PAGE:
Color alone can affect a viewer’s acceptance of an image and whether they find the image pleasant or distasteful. Take a cute and lovable Minion, for example. With their gentle yellow tint and unassuming whites and tans, they are very nonthreatening and are even considered lovable.
By changing his mild yellow tints and shades to harsh, unpleasant green variations, I made him instantly less friendly. Additionally, I chose to color his iris’ a sickly, pastel yellow and his sclera, or the “whites of his eyes”, a dim red. Lastly, changing his teeth to dark grays and browns and throwing some magenta in his mouth and pupils, the change is complete. We now have a Noinim, or anti-Minion: a horrible, offensive, nasty variation of a once adorable character. Sorry, Illumination Entertainment.
First I traced the Minion, both as a positive image and then the negative image, so it could be transferred to Bristol board. After the transfer, and perhaps one step later than recommended, I painted the background in a light yellow hue. This color choice was based on its clash with the planned greens of my Noinim.
I started by painting the clothing and accessories that wouldn’t change color: namely, the goggles, overalls, gloves and boots. Then I chose several shades of green that would alter a viewer’s perception of the character. By modifying the eyes, hair and mouth of our new underling, we further change the observer’s initial appeal to that of aversion. A few final additions completed the composition: a shadow in a blue-green shade and a horizon line to add some limited depth to the abstract landscape.
After a class critique, my Minion was deemed a zombie but still considered too cute to meet the requirements of color alone changing the emotion of an image. I disagreed but was willing to try a free-form sketch with chalk of a cute cartoon boy.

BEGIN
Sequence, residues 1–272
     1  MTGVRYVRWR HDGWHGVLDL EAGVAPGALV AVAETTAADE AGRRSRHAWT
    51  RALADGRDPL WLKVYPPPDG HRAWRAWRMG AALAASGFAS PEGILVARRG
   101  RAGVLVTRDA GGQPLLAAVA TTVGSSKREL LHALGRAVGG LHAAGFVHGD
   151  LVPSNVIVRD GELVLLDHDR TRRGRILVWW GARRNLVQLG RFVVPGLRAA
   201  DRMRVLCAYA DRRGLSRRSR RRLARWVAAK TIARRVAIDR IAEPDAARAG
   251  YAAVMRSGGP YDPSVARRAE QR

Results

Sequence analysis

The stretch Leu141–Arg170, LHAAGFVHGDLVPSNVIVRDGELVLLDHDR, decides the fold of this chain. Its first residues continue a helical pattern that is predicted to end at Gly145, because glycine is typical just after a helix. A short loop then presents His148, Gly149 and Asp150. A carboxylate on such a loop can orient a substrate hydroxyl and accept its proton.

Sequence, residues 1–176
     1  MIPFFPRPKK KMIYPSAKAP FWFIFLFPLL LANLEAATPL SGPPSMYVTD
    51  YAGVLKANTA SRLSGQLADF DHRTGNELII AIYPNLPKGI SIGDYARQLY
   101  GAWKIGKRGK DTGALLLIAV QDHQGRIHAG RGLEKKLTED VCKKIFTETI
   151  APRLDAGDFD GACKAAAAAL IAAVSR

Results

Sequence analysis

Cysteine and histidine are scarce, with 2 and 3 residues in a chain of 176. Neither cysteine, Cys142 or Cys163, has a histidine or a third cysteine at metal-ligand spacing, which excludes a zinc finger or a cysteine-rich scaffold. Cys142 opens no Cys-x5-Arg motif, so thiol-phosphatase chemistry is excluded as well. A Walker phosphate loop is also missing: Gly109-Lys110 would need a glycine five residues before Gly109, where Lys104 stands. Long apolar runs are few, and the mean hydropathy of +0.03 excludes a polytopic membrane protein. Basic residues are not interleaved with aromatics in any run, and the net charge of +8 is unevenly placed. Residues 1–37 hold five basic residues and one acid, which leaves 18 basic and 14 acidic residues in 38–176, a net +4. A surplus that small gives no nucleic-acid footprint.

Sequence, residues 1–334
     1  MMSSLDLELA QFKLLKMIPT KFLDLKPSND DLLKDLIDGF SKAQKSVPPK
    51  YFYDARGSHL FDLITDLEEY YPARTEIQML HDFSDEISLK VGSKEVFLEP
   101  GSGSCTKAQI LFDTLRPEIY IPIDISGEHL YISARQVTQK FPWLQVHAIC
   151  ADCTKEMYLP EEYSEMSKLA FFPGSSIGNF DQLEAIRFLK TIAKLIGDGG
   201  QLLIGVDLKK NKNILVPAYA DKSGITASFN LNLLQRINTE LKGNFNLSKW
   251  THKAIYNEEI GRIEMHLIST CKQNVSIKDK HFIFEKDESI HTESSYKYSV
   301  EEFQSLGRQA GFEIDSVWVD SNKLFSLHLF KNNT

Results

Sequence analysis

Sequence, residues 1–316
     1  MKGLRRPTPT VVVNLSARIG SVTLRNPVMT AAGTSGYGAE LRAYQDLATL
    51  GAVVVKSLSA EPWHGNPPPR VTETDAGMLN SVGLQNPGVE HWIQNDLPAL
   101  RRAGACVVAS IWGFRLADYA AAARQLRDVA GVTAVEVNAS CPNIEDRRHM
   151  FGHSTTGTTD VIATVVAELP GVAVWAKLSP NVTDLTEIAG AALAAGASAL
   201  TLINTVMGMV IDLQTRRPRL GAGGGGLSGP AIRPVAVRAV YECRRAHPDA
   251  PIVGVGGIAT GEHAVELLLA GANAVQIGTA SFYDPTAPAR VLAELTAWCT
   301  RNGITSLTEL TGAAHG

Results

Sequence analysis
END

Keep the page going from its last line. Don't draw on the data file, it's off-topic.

While this version of color emotion technically meet my professor’s expectations, I had to produce something a little more professional to meet my personal standards.
I started by searching the internet for some of the cutest baby pictures I could find. Finally, I settled on three possibilities:
After experimenting with all three, I picked one and started manipulating the brightness, contrast, mid-tones, hue and saturation.
Some of the adjustments I tested included negatives, highly saturated darkened images, green and blue monochromatic forms, sepia exposures and high-contrast violet vector masks.
Eventually, I made some specific hue selections, separated the background, highlights and shadows and applied a light, mustard yellow; several shades of dark and light greens; and a peach-orange hue.
I traced the positive image but instead of tracing the negative and transferring the positive form, I decided to transfer the negative image to Bristol board.
I started by producing the background color which was a mix of Bright Orange and Yellow Ochre gouache. Next, the main bright hue utilized for most of the baby was created by mixing a tint of Cadmium Yellow and Titanium White acrylic. The green hues were applied from lightest to darkest, beginning with a Light Green gouache mixed with Titanium White acrylic followed by a, slightly darker, pure Light Green gouache. The shades and shadows were created by mixing Permanent Green gouache and Mars Black acrylic. Finally, the darkest hue was made with Emerald Green gouache and Mars Black acrylic.
A three-inch border was taped off with masking tape before applying the paint; however, the border was trimmed away from the image after it finished drying.